States varied in the ways that they reported progress toward their discretionary goals. We identified a number of potential indicators and data sources that might be used to determine the extent to which states achieved these goals, and barriers to use of these data (Karon et al., 2015). At this time, data for most of these potential measures are not available for the time period of interest. Measures and data sources were available to address two of the discretionary outcomes: increasing access to HCBS and expanding mental health services.

Data from the National Association of States United for Aging and Disabilities (NASUAD) Medicaid Integration Tracker, Medicaid.gov, and Truven Health Analytics' LTSS expenditure reports were used to assess whether states had increased access to HCBS options by adopting certain Medicaid HCBS state plan options. Data from Truven Health Analytics Medicaid LTSS expenditure reports also were used to determine whether states had expanded access to mental health services by increasing LTSS expenditures for individuals with mental health disabilities. For each measure, we compared the information available in 2012--when most states had started to implement the Balancing Incentive Program--to the most recent data available for the particular measure. Depending on the data source, the comparison data year was either 2014 or 2016.

 

3. FINDINGS

Research Question 1: How successful were states in meeting the required target for the share of LTSS expenditures attributed to HCBS?

As described previously, states were eligible for the Balancing Incentive Program if, in FY2009, they spent less than 50% of LTSS dollars on HCBS. Within that requirement, there was significant variation in the amount of spending increases needed by states to reach the desired benchmarks. Exhibit 2A provides information on the baseline (FY2009) expenditures and on expenditures in FY2014, the most recent year for which data are available. Data include the total amounts spent on LTSS in each year, and the percentage of those expenditures that were for HCBS in each of those years.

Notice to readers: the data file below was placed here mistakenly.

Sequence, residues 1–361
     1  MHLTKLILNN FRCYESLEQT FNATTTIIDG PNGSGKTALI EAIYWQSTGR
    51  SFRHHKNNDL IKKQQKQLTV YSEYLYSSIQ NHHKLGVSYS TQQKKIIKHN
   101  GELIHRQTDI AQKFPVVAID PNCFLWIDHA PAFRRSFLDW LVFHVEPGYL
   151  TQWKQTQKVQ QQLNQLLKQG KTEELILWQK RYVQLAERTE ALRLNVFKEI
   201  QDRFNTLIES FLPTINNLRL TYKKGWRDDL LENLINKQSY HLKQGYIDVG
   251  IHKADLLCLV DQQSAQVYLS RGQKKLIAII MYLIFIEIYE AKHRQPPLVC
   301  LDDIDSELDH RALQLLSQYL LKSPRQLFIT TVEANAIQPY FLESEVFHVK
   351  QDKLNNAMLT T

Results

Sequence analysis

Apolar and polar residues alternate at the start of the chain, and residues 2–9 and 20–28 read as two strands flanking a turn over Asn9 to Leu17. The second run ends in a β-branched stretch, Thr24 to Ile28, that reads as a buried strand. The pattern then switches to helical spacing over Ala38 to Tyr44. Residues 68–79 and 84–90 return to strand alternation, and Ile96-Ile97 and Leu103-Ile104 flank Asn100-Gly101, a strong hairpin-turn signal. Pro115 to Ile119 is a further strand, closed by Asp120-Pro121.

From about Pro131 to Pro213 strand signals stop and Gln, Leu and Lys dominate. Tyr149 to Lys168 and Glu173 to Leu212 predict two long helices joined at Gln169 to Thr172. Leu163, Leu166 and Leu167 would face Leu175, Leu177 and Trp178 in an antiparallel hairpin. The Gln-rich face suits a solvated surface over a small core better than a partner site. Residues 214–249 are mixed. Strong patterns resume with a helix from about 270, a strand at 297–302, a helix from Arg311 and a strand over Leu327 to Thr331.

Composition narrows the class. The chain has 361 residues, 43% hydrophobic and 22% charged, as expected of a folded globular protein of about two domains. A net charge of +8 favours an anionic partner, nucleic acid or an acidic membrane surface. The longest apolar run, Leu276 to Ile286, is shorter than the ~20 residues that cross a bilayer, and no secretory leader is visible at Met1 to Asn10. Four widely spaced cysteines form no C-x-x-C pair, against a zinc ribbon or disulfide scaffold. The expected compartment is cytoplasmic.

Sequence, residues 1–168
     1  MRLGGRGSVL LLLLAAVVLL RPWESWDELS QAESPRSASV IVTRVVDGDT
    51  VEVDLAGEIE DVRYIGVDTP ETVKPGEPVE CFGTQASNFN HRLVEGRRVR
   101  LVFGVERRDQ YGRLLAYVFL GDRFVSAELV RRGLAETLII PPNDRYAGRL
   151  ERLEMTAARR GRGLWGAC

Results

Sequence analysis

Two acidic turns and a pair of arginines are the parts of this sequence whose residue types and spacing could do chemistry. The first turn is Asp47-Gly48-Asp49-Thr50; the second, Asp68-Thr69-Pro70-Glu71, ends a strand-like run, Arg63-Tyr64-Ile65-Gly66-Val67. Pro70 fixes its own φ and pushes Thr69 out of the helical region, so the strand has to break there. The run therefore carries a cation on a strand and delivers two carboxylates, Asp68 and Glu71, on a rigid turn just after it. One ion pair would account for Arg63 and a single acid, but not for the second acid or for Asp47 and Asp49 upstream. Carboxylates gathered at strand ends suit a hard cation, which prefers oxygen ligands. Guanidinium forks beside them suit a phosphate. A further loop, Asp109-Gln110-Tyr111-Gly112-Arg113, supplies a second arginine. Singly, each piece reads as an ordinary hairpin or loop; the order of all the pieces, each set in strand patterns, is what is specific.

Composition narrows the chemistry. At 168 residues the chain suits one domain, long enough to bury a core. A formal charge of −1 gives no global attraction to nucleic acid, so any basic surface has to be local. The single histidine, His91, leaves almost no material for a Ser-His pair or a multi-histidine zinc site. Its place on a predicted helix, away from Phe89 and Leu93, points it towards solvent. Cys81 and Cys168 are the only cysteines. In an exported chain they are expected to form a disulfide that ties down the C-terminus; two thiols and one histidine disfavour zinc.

EXHIBIT 2A. Medicaid LTSS Expenditures and the Percentage for HCBS by States Participating in the Balancing Incentive Program, FY2009 and FY2014
Balancing Incentive Program State FY2009 FY2014
Total LTSS Expenditures HCBS Expenditures as a
Share of Total LTSS
Total LTSS Expenditures HCBS Expenditures as a
Share of Total LTSS
Arkansas $1,225,282,115 29.8% $1,992,179,862 49.9%
Connecticut $3,434,199,696 44.1% $3,078,643,339 47.6%
Georgia $1,998,697,427 37.4% $2,418,939,567 48.1%
Illinois $3,301,552,848 27.8% $4,908,963,287 43.7%
Iowa $1,337,917,609 39.8% $2,060,386,322 50.2%
Kentucky $1,475,855,855 31.1% $1,862,441,054 40.7%
Maine $826,858,695 49.1% $947,878,157 54.9%
Maryland $2,133,345,188 36.8% $2,975,995,766 55.5%
Massachusetts $3,960,407,165 44.8% $5,245,392,496 56.9%
Mississippi $1,245,025,098 14.4% $1,506,667,723 27.2%
Missouri $2,136,106,574 40.7% $3,117,791,576 55.3%
Nevada $377,768,818 41.6% $522,096,332 48.9%
New Hampshire $606,861,367 41.2% $772,872,123 50.0%
New Jersey $4,416,214,965 26.0% $5,055,683,417 40.6%
New York $21,829,503,089 46.7% $22,115,418,860 58.1%
Ohio $5,554,989,397 32.5% $7,117,019,254 52.4%
Pennsylvania $6,774,658,581 33.0% $8,680,447,547 43.7%
Texas $6,342,463,677 46.9% $8,576,468,172 57.1%
Balancing Incentive Program States (N = 18)
Total $74,976,845,239 40.7% $82,955,284,854 52.1%
Average   39.4%   50.2%
Non-Participating States
Eligible, Non-Participating States (N = 17)
Total $22,893,761,878 38.6% $27,502,585,539 44.7%
Average   41.9%   46.2%
Ineligible States (N = 13)
Total $28,470,013,010 59.5% $34,926,463,286 66.4%
Average   62.5%   65.2%
SOURCES: Eiken, S., Sredl, K., Burwell, B., & Saucier, P. (2015, 2016).
NOTES: Indiana, Louisiana, and Nebraska ended their participation early, and are not reflected in this table. Total expenditures Balancing Incentive Program states include the 18 states that completed participation, but the percentages (average and total) exclude Mississippi, which had a lower threshold to meet. The total figures for HCBS expenditures as a share of total LTSS expenditures represent weighted averages.

Total HCBS expenditures for states participating in the Balancing Incentive Program were 40.7% of LTSS expenditures (a weighted average) in the baseline year (FY2009). This represented a state average of 39.4% of LTSS expenditures going toward HCBS, ranging from 26.0% of LTSS spending for HCBS in New Jersey to 49.1% in Maine. By the end of FY2014 (the most current time for which data are available, 1 year before the end of the Balancing Incentive Program), total HCBS expenditures accounted for 52.1% of LTSS expenditures in participating states and the average spending rate across these states was 50.2%. However, only half of the participating states have met or exceeded their required threshold as of this preliminary final report. Mississippi is excluded from these percentages because they had a lower threshold to meet.